Regularly called a visionary, Russell Simmons is a business leader, a trendsetter and a cultural icon. His influence first spread after he cofounded the Def Jam record label in the early 1980s and hip-hop music took hold like wildfire. Later, he launched fashion lines, including Phat Farm, and media companies.
His latest book, “The Happy Vegan: A Guide to Living a Long, Healthy, and Successful Life” hit bookshelves in November.
Simmons grew up in New York City and now lives in Los Angeles. I caught up with him recently by phone as he was leaving New York’s Mercer Hotel in SoHo. He was headed to a radio interview with former heavyweight boxing champ Mike Tyson (a fellow vegan) to talk about “The Happy Vegan” for a piece that will air on a podcast program.
Simmons was quick to tell me his intent in writing the book is to help spark change. He wants to push the “shift in consciousness regarding food and the awareness of the toxicity of animal foods.”
Likewise, he wastes no time in the book laying out his argument that eating vegan “can save your life. Not to mention save the world as well.”
In six chapters, Simmons, 58, covers the three core motivations for eating vegan – health, ethics and the environment. He also dispels misconceptions (veganism is “a change you can make without too much stress to your lifestyle or your pocketbook”) and offers how-to advice (when attending a party, “offer to bring your own dish”).
As in his other works, Simmons’ writing is confident and comfortable, making it easier to swallow the book’s sobering statistics and details about the toll animal agriculture takes on us and our world. For those new to the idea of vegan eating, “The Happy Vegan” offers a concise survey of the food and philosophy.
Before writing “The Happy Vegan,” Simmons penned a series of best-selling books on success, including “Success through Stillness” (about meditation) and “Super Rich: Inside and Out.”
His latest book outlines how vegan eating is one of three elements that make up his formula for a happy life, a lifestyle “centered around a plant-based diet, meditation, and yoga,” he writes.
He goes on to write how the “meat and dairy industries have limited our choices, narrowed our tastes, and taken away our true food traditions.”
When we spoke, I asked him about the loss of these authentic foodways. Simmons said while he was writing the book he researched the diets of African people who were captured and sold as slaves. He discovered that meat-based dishes commonly associated with African American cuisine are a product of slavery, not a reflection of African cooking traditions.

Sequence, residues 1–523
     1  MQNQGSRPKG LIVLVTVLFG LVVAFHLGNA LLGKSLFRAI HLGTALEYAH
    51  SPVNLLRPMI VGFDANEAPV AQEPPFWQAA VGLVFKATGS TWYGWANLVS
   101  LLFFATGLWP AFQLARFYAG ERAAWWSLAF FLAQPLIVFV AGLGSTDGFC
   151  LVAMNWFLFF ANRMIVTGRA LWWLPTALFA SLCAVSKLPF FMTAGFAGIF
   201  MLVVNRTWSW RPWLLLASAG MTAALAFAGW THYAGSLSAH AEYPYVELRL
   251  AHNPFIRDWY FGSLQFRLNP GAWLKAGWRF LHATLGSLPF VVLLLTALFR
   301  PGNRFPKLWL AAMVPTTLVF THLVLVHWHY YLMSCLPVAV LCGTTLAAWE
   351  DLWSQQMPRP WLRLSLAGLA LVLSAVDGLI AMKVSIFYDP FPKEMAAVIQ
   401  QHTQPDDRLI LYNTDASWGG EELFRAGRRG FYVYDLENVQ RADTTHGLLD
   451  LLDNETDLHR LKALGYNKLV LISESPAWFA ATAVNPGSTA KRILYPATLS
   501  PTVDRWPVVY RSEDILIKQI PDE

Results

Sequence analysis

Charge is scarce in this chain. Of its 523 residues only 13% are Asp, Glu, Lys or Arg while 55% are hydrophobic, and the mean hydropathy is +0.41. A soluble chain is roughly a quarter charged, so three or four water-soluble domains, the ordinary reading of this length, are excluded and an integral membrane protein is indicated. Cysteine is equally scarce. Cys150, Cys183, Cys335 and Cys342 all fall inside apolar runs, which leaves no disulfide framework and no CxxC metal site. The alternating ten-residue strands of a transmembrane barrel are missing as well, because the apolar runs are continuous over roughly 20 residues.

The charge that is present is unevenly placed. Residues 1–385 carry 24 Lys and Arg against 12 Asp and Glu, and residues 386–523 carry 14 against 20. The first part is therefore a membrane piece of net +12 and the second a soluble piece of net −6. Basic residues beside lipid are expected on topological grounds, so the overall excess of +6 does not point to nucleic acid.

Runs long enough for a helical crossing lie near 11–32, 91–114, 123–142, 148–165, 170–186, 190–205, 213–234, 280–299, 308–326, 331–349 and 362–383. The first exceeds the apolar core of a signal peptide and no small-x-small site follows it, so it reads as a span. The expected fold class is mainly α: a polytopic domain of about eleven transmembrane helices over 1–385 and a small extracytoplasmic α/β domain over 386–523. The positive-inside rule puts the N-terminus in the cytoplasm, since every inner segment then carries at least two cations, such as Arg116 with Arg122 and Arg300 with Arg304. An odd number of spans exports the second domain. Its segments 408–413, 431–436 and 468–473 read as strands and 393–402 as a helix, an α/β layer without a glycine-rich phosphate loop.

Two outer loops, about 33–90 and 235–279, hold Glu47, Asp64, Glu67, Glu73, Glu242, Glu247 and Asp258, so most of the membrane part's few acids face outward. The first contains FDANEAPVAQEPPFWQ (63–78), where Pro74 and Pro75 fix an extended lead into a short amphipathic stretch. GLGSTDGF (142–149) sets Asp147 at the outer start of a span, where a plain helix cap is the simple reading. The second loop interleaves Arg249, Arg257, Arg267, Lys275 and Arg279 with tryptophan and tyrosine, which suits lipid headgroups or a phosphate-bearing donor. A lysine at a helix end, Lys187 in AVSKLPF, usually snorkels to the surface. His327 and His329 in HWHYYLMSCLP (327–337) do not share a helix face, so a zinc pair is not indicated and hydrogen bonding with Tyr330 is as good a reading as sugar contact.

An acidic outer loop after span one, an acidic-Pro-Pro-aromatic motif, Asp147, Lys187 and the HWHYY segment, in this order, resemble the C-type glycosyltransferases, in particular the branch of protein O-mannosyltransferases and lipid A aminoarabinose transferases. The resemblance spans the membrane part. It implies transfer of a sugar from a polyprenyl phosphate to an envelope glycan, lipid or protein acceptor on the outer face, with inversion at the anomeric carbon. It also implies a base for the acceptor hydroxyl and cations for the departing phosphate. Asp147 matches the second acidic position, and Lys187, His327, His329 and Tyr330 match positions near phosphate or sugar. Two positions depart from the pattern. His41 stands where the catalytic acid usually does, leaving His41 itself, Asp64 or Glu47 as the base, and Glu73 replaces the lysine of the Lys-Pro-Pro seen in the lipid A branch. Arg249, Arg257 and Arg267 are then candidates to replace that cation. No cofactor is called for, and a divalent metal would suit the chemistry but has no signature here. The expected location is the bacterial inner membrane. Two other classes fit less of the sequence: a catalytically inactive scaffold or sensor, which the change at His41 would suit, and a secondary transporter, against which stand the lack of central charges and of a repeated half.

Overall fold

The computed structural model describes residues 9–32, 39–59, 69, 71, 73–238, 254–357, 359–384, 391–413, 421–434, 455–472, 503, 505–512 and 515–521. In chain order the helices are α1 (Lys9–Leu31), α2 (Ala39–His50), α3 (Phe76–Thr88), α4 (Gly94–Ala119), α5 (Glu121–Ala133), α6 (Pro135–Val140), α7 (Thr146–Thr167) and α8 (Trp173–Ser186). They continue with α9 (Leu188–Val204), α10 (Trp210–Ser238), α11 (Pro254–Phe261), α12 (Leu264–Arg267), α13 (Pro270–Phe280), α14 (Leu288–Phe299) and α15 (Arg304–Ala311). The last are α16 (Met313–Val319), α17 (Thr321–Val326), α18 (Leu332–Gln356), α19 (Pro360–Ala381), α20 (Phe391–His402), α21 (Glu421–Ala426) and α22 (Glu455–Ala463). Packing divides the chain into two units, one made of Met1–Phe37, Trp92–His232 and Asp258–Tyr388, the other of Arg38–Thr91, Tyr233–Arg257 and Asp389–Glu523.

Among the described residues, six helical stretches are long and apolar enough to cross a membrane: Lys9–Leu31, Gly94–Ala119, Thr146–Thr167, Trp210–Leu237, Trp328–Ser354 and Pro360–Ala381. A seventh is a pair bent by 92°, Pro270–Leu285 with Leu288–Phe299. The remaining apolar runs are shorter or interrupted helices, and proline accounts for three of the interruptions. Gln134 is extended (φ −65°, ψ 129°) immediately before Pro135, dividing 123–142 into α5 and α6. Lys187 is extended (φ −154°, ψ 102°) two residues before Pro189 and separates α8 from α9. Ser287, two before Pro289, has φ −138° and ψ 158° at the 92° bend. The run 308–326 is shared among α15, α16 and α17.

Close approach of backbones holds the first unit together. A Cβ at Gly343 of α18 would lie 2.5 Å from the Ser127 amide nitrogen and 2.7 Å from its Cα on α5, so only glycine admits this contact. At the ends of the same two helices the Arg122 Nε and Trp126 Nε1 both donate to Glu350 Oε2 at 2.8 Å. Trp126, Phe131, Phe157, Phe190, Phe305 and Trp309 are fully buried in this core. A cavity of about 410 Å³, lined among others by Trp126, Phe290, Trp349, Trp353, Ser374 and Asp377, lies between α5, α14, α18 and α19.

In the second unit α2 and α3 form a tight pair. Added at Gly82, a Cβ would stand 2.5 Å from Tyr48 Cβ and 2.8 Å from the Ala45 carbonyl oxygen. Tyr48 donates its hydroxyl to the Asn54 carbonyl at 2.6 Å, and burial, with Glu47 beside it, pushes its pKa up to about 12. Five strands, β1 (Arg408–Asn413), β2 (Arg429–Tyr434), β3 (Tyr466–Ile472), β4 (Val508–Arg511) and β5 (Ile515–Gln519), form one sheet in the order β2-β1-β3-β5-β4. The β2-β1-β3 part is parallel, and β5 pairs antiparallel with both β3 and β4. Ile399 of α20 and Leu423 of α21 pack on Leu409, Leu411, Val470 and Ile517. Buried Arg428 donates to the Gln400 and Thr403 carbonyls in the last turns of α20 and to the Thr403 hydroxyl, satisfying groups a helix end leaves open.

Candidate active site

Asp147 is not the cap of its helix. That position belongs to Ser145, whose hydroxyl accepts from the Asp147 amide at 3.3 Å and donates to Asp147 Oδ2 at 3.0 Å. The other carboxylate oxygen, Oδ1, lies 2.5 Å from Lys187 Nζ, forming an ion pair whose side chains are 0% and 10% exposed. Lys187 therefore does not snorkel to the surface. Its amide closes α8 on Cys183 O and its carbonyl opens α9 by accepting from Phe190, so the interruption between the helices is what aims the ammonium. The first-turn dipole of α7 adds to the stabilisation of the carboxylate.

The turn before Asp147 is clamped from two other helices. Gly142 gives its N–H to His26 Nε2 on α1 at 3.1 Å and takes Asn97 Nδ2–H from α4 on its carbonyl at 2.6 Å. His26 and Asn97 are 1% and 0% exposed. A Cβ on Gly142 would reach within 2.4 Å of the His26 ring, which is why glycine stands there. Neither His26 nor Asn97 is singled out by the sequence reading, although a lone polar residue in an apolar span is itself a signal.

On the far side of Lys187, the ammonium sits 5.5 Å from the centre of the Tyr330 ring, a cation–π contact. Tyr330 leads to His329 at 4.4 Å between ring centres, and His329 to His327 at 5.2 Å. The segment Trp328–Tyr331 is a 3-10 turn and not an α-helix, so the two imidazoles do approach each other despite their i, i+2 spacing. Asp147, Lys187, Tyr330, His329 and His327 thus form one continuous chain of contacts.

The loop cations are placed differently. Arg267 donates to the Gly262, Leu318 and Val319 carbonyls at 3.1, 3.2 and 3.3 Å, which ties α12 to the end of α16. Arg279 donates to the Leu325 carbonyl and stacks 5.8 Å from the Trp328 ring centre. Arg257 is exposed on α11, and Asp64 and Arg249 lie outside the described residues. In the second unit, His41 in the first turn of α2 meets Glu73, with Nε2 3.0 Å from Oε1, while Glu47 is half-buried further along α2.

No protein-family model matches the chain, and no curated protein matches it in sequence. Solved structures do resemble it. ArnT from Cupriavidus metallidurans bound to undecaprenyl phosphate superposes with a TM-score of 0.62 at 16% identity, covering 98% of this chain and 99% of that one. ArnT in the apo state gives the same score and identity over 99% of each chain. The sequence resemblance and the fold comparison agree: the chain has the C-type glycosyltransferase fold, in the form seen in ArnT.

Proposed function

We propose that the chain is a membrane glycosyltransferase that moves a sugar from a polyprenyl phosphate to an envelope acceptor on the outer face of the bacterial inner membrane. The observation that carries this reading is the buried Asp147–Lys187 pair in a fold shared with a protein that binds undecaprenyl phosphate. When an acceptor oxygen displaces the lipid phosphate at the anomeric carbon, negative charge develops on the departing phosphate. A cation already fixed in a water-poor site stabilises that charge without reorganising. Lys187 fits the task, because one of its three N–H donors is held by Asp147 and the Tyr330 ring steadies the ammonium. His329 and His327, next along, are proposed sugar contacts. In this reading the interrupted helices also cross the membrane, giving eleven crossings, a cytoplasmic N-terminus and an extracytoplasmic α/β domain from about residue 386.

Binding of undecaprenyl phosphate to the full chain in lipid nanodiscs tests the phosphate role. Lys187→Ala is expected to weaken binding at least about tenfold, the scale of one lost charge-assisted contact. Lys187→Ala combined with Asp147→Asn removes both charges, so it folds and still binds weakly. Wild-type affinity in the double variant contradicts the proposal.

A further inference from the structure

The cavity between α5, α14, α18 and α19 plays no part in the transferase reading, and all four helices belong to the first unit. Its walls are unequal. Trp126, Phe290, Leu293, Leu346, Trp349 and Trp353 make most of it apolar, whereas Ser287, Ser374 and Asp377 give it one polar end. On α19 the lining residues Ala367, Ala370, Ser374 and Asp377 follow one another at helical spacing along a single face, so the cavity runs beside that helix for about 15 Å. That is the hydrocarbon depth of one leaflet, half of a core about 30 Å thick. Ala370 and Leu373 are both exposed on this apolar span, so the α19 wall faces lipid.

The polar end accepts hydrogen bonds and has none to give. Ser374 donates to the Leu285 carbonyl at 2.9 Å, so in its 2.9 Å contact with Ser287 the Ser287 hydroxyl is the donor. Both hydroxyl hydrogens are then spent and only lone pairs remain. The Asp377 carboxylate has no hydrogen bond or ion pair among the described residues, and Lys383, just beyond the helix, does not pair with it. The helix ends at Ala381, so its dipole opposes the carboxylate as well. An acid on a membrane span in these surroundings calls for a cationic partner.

“In almost every part of Africa, they weren’t eating much meat,” Simmons told me. “It was beans and okra. It was not animal products.”
In the book, Simmons isn’t afraid to make strong statements. He compares the current treatment of farm animals to human slavery, writing “both are systems where maximizing profit trumps compassion and empathy.” He goes on to say he is particularly troubled by Christians who say the Bible gives humans dominion over animals and allows us to subject them to cruelty.
“If you’re the type of Christian who believes CAFOs (Confined Animal Feeding Operations) are justified by dominion,” Simmons writes, “then you probably would have been the type of Christian who would have interpreted the Bible as supporting slavery too.”
CAFOs are the industry name for what are called “factory farms” in common parlance.
Simmons told me he participated in Occupy Wall Street because the federal government puts corporations ahead of citizens. He cites the government’s promotion of animal agriculture as particularly troubling. Despite living in a culture that promotes eating animals, Simmons said his vegan ideas are finding a receptive audience.
“My message about a vegan diet is really resonating among hip-hop people,” Simmons said, adding that “artists are always open to new messaging and ideas.”
He notes in the book that when he wrote “Do You” in 2005, he was discouraged from writing about vegan eating and the suffering of farm animals.
“Some 10 years later, there’s been a shift in consciousness,” he writes. “Now instead of being warned to sidestep the subject, I’ve been asked to write an entire book about it.”
Simmons told me his next book project will be a vegan cookbook.
In “The Happy Vegan” he writes how his mother died of cancer and his father of Alzheimer’s – both diseases he blames in part on a diet based on animal foods.
“It’s too late for my parents,” Simmons writes. “But it might not be too late for yours. Or your children. Or your friends. Or you.”
Let “The Happy Vegan” serve as an easy-to-grasp lifeline.
Avery Yale Kamila is a freelance food writer who lives in Portland. She can be reached at: